Yesterday, I talked about why it is important to buy freshly roasted and whole coffee beans. Today, I’m going to talk about the different drinks and two syrups you can make at home.

When you order a drink at a coffee shop, whether it’s a chain like Starbucks or just a local cafe, there are many choices. An espresso is coffee produced with a pump or lever machine. If you order just an espresso, you’ll get roughly 2 oz. of coffee. It is the base of almost all the coffee drinks at coffee shops. A cappuccino is 1/3 espresso, 1/3 steamed milk, and 1/3 frothed milk. A caffe latte (or just simply latte) is espresso and steamed milk. Sometimes it is topped with a thin layer of frothed milk. There is one important detail many people overlook – ordering a cappuccino or caffe latte does not mean flavoring! If you want a caramal latte, you have to say caramal latte so the barista will add the syrup. If you simply order a latte, you will get coffee and milk. No caramel, no mocha, nothing. I don’t even think they put sugar in it. Same goes when ordering a cappuccino.

If you find yourself constantly buying drinks at coffee shops, you may want to invest in an espresso maker and grinder. Mine went for $30 at Wal Mart, but it’s a steam machine and not a pump machine. Pump machines make the best quality espresso (hence why they are expensive). Steam machines produce espresso, but it’s on the low quality end because it may “burn” the coffee grinds when the hot water passes through. If you are the type that adds sugar and syrups to your drinks, then you’ll be fine. I’m content with my machine (at least until I somehow find the money for a pump machine). However, if you are the type that drinks coffee black, then you may notice a taste difference.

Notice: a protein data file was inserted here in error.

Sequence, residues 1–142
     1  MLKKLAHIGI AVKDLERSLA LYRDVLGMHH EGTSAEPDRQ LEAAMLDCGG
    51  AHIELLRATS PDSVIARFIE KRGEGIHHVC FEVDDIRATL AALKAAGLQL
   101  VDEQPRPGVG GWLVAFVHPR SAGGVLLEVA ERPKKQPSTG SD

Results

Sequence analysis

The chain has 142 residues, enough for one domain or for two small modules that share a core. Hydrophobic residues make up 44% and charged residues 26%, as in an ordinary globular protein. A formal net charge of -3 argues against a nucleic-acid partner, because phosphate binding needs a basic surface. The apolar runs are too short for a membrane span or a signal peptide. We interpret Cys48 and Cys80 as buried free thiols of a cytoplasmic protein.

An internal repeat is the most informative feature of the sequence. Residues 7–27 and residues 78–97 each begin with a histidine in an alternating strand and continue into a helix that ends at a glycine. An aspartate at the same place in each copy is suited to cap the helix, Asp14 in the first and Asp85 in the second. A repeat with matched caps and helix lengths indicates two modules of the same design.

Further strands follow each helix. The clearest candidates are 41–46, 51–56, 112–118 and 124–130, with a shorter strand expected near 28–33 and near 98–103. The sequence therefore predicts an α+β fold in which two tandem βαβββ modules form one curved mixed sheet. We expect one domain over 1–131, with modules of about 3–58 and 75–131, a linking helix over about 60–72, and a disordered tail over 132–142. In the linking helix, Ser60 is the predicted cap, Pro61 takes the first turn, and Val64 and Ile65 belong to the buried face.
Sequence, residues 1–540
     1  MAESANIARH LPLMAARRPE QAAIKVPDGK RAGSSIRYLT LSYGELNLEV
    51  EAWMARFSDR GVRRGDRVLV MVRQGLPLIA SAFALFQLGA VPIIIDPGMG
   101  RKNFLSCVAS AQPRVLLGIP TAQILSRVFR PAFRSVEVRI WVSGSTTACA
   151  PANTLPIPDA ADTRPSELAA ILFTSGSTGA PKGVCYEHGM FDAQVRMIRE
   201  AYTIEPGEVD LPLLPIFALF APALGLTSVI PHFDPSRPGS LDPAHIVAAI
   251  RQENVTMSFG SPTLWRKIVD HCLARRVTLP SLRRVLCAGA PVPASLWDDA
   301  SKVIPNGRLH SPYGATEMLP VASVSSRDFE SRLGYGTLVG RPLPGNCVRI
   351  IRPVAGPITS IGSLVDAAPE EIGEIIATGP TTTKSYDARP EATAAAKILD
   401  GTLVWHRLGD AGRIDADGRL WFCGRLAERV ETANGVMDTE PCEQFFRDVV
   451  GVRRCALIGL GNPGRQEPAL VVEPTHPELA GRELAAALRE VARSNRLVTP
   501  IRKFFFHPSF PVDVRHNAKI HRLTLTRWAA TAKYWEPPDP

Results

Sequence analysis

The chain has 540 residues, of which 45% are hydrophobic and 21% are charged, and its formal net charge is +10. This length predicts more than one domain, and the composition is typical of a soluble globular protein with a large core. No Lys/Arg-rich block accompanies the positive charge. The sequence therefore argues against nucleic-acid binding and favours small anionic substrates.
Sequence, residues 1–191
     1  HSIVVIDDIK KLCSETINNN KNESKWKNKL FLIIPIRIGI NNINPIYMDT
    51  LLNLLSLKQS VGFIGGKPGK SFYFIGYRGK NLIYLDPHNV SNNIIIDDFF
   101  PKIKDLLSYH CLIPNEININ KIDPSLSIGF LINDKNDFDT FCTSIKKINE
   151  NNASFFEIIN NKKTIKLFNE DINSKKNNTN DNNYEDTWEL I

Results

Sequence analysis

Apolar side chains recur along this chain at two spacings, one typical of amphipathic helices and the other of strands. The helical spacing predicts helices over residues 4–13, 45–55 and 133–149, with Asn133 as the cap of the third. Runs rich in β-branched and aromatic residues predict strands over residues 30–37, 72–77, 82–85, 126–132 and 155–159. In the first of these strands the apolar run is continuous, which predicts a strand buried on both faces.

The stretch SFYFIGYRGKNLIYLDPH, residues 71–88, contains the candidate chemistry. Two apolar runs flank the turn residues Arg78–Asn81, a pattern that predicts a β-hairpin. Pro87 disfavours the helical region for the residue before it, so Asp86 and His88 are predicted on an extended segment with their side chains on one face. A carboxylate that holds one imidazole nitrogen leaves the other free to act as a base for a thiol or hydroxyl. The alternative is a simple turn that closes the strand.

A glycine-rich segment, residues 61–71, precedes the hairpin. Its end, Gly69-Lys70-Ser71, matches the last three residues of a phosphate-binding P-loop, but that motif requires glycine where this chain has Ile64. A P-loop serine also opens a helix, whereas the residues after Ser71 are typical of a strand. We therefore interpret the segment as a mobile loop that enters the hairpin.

As for the coffee syrups, they can be pretty expensive if buying from the store. Being the foodie that I am, I learned to make homemade syrups for more than half the cost. You can pretty much do any flavor if you have the correct extract, but my two favorites are caramel and mocha. One thing I noticed when making the caramel syrup is when it cools to room temperature, a thin solid layer forms at the top. After a bit of poking, I’m thinking it’s the margarine. I have no clue on how to prevent this, so I let mine sit in the pan until the layer forms. Then I use a baby strainer and scoop it out. I’ve had no problems with the mocha syrup. I use plasic squeeze bottles for easy storage and pouring.

It’s hard to see the caramel syrup in my picture, but it’s there.

Caramel and Mocha Coffee Syrups

Mocha Syrup
3/4 cup water
1/2 cup sugar
1/4 cup Dutch-processed cocoa powder
1/4 cup regular cocoa
2 Tbsp vanilla extract

Boil water in a small saucepan. Once boiling, add sugar and cocoas. Beat with a whisk or fork until dissolved. Add vanilla and stir. Remove from the heat and let it cool before transfering to a container. Makes 8 ounces.

Source: Recipe Zaar

Caramel Syrup
4 Tbsp butter or margarine
1 cup brown sugar
1/2 cup water

Melt butter in a saucepan. Add sugar and mix together until it becomes moist and sticky. Add water and stir until sugar is dissolved. Boil mixture for a few minutes before removing from the heat. Let it cool to room temperature. If a solid layer forms, scoop out and throw away. Transfer to a container. Makes 8 ounces.

Source: Recipe Zaar